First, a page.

Anyway - here's how I make my bilberry jam (the recipe would work equally well for blueberries:)
The recipe yields about 700 ml.

1 kg of bilberries, rinsed & drained
400 grams of sugar
50 ml of water

Place bilberries and water into a saucepan, and bring slowly to the boil, stirring regularly.
Add sugar, simmer on low heat, stirring regularly, for 10 minutes. Skim off any froth that appears on the surface!
Ladle the jam into hot sterilised jars, close immediately and keep in a dark & cold storage.

Plum & Vanilla Jam
(Ploomimoos vaniljega)
Adapted from Hoidised

1 kg plums (stoned weight)
500 g jam sugar (i.e. with added pectin)
1 lemon
1 vanilla pod
100 ml water

Cut the vanilla pod into half lengthwise and scratch the seeds loose with a small knife. Put both the pod and the precious seeds aside.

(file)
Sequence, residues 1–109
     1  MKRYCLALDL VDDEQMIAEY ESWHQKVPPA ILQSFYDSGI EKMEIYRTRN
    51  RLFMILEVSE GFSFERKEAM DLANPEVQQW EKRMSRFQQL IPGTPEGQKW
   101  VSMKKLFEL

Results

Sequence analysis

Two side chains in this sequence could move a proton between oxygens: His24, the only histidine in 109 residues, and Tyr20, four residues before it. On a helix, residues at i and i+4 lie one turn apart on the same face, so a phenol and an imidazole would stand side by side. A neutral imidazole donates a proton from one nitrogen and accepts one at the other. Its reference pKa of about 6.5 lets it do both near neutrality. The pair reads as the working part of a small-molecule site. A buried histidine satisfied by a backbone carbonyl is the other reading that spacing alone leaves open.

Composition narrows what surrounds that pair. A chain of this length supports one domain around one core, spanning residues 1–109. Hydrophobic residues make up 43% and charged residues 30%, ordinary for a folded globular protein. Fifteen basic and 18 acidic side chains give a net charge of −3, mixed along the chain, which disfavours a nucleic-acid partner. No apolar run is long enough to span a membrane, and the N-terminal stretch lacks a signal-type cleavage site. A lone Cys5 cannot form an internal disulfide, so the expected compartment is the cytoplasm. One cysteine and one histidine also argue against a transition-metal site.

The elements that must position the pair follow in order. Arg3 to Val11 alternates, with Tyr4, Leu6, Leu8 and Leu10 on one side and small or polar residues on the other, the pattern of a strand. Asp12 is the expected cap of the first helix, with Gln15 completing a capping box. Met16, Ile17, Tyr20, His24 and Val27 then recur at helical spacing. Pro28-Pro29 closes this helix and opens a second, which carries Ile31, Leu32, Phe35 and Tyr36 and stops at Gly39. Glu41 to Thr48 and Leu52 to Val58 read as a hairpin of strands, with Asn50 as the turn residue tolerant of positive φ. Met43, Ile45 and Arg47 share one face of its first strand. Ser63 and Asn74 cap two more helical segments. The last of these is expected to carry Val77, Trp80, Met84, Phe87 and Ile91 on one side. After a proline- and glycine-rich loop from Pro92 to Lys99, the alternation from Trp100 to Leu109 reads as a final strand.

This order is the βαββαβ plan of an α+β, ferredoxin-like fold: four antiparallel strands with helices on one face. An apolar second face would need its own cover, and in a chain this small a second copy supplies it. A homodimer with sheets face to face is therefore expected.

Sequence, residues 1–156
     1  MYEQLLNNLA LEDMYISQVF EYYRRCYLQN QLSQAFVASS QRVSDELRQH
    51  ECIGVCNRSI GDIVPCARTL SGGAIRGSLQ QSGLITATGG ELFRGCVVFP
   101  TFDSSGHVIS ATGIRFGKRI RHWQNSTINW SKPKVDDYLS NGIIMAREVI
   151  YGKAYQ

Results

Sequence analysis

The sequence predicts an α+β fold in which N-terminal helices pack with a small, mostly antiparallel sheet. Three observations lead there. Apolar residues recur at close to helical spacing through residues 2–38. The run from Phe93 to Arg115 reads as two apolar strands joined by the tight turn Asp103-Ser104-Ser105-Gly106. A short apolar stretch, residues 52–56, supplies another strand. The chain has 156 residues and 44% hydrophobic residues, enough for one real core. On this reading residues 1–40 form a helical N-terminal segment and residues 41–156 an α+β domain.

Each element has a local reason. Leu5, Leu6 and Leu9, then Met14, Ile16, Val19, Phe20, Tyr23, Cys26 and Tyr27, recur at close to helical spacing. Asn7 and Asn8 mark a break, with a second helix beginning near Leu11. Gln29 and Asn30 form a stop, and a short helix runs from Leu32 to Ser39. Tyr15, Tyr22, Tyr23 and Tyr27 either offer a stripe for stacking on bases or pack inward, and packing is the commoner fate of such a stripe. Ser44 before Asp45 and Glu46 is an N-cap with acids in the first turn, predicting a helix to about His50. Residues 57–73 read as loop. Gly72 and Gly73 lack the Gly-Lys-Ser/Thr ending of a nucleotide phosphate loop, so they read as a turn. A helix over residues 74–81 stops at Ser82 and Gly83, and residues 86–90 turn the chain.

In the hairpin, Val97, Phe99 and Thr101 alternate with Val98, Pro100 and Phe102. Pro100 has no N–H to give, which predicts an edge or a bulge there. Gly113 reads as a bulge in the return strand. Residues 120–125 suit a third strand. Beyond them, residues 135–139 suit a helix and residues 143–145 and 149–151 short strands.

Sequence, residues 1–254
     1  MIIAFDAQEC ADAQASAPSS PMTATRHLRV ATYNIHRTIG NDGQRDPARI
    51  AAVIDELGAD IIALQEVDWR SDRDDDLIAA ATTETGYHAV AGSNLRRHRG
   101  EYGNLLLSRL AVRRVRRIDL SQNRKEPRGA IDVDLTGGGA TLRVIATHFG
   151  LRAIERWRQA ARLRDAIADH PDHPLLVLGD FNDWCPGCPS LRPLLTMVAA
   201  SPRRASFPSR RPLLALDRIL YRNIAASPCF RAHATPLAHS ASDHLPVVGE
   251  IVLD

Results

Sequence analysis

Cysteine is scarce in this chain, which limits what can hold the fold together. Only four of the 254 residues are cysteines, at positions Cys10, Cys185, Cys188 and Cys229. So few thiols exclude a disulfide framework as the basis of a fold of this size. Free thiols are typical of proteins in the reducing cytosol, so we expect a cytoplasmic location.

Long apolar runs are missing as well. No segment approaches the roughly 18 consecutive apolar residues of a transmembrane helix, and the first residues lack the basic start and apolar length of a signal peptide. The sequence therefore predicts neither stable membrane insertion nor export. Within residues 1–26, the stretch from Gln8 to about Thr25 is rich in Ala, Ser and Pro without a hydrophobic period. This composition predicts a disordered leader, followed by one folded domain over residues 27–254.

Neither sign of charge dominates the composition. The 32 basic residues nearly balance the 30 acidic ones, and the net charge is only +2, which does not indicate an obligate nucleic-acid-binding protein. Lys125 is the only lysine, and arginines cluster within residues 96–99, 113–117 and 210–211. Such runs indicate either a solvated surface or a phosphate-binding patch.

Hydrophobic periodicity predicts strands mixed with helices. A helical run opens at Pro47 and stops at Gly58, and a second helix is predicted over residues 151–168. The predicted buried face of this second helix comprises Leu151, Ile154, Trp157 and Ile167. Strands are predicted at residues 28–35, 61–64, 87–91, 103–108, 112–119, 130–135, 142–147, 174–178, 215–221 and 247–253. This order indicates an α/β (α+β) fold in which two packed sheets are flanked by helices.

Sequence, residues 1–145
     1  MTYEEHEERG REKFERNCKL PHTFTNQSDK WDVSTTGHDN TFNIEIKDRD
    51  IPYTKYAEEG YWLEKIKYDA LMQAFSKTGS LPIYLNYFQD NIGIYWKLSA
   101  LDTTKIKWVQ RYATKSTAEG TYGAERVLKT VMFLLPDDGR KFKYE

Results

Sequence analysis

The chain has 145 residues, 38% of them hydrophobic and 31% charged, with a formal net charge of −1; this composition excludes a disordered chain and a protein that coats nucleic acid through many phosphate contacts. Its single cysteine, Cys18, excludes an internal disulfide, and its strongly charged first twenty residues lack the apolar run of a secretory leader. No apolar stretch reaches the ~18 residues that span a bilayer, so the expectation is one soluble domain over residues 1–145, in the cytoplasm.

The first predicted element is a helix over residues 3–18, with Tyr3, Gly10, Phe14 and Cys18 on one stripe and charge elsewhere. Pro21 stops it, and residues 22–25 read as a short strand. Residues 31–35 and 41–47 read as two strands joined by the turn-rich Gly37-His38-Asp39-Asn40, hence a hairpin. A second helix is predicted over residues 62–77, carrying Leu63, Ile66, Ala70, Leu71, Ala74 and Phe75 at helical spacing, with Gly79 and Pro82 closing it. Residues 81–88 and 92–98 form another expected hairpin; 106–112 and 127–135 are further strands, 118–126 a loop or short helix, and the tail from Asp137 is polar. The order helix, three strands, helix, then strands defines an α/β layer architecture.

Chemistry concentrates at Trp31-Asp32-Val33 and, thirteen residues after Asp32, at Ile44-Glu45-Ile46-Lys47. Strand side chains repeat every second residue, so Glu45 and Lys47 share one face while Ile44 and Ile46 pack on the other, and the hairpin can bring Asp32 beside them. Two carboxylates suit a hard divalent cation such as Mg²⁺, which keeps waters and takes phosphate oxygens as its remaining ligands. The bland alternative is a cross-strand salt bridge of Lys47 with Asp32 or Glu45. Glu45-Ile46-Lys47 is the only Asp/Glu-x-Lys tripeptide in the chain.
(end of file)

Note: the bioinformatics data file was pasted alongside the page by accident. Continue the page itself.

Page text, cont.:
Place halved plums into a saucepan, add water and vanilla pod&seeds:

Bring the mixture slowly to the boil, then simmer for 10 minutes, stirring regularly. Remove the vanilla pod.
Add sugar and a generous squeeze of lemon juice, continue simmering & stirring for another 20 minutes. Skim off any froth that appeares on the surface. (If you want a smooth jam, then you could press it through a sieve or colander after this).
Pour the hot jam into preheated sterilised jars, close the jars immediately.

PS - the stars are cut-outs of leftover sponge from the Strawberry Mirror Cake episode.


Saffron said...

Yesterday my mum made peach and apricot jam!
Lately I found so many great tips about Scotland in your blog that will be very useful in my second holiday there!!
Thank you and have a nice week!

K and S said...

these jams look delicious! and I love those cute cut-outs you have them on :)

Katie Zeller said...

Your jams are gorgeous!
You're making me feel very lazy...guess I'll go pick some pears - pear-ginger jam!

Lydia (The Perfect Pantry) said...

I'm lucky to have friends who make jams, because I am not a jam maker. But I can imagine the pleasure you will have of tasting these summer treats during the cold winter.